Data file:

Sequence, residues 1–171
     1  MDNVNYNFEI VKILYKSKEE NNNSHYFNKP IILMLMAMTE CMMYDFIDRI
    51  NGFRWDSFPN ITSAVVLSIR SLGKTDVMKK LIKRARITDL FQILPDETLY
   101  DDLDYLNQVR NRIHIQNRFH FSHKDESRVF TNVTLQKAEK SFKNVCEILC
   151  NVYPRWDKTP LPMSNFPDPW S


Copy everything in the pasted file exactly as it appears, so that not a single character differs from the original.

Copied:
Sequence, residues 1–171
     1  MDNVNYNFEI VKILYKSKEE NNNSHYFNKP IILMLMAMTE CMMYDFIDRI
    51  NGFRWDSFPN ITSAVVLSIR SLGKTDVMKK LIKRARITDL FQILPDETLY
   101  DDLDYLNQVR NRIHIQNRFH FSHKDESRVF TNVTLQKAEK SFKNVCEILC
   151  NVYPRWDKTP LPMSNFPDPW S